To inspect the level of your engine coolant, you first want to ensure your engine is not running and that it is cold. Then, open the hood and find the reservoir for your coolant recovery system. This tends to be located in a plastic translucent container mounted on an inner fender panel or close to the radiator. Molded into the reservoir are two markings, the upper for hot and lower for cold. If your fluid is below the lower one, refill the coolant up to the line - but not past it. 

Engine oil lubricates, cools and cleans the moving parts of an engine. Without oil, an engine can be badly damaged, which is why it is so important not to miss oil changes

To check your oil level, first, make sure that your engine is cold and not running. Then, pop the hood, take the oil dipstick from its tube and clean it using a cloth. Insert the dipstick back into the tube, remove it again and check the oil level. It should be between the two level markings. If it's at or under the low marking, add oil until the level hits the upper marking. Generally speaking, a single quart of oil will push the level from the bottom to the top marking.

Transmission Fluid Exchange Services

Transmission fluid serves to lubricate, clean and cool the inner parts of your transmission. It is also important for helping maintain the hydraulic pressure needed for the transmission to work properly.

Generally, having your transmission flushed every couple of years is enough, although in certain cases, you may want to have it flushed sooner. For instance, if you hear your transmission making unusual noises such as grinding, you may need a transmission flush soon. Other warning signs include:

·     You're having problems shifting gears.

·     Your gears are slipping.

·     Your vehicle is surging.

·     There is a delay in the movement of your vehicle. 

To check your transmission fluid levels, keep your engine idling to get your transmission to full operating temperature. Don't forget to apply your foot brake and set your parking brake. Then:

1.   Cycle the shifter: Cycle your shifter through each gear position, stopping on each position for a few seconds. 

2.   Put the transmission in park or neutral: Your owner's manual should specify whether you should use park or neutral.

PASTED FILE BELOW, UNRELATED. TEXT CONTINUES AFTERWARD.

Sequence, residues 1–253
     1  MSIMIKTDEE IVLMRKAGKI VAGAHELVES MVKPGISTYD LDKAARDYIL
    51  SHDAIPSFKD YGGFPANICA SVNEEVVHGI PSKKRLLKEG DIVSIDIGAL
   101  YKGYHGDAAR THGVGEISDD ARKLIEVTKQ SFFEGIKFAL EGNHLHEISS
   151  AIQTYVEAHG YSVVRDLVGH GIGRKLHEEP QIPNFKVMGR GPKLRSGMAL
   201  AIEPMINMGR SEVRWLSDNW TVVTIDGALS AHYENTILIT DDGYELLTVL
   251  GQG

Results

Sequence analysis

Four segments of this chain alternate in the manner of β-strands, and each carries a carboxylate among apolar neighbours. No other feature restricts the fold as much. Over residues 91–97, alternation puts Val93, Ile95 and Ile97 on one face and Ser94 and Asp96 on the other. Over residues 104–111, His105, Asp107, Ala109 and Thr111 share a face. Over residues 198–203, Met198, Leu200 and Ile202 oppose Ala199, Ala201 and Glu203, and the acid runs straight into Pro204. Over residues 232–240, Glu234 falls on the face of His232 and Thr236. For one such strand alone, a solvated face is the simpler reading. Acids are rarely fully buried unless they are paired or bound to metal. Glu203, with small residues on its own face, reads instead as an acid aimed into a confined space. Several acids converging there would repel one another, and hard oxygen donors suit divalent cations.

3.   Check the transmission fluid level: From here on, the directions are the same as checking your engine oil level. There's just one difference - the distance between the top and bottom level marks on your dipstick is generally equal to one pint of fluid. 

Radiator Fluid Exchange Services

An engine reduces heat, lubricates the water pump and protects itself from corrosion by circulating coolant through the engine and radiator. This cooling system is also used to heat your passenger cabin. If the cooling system in your vehicle isn't working properly, your engine's temperature can get high enough to cause damage. Properly maintaining the engine cooling system helps to maximize the longevity and performance of the engine.

Windshield Washer Fluid Exchange Services

All modern cars come with plastic translucent reservoirs for washer fluid. If your windshield washer fluid is low, just take off the cap and fill up the reservoir. In the summertime, make sure to use bug-removing fluid, and if you live in a region where temperatures go below freezing, use a fluid with antifreeze properties during the winter. 

It's always a good idea to top off your windshield washer fluid if you're about to go on a long trip or drive in inclement weather. You should also carry an extra container of fluid in your car, just to be prepared. If you ever run out of fluid when it's raining or snowing, you'll be glad you have it. 

Contact Hoffman Ford for Fluid Level Exchange Services

If you live in or around Harrisburg, Pennsylvania, and need any of the above fluids changed, choose Hoffman Ford for the best Ford service in the region. Whether you have a car, SUV or truck, we can provide the fluid level exchange services you need. Schedule aservice with us today.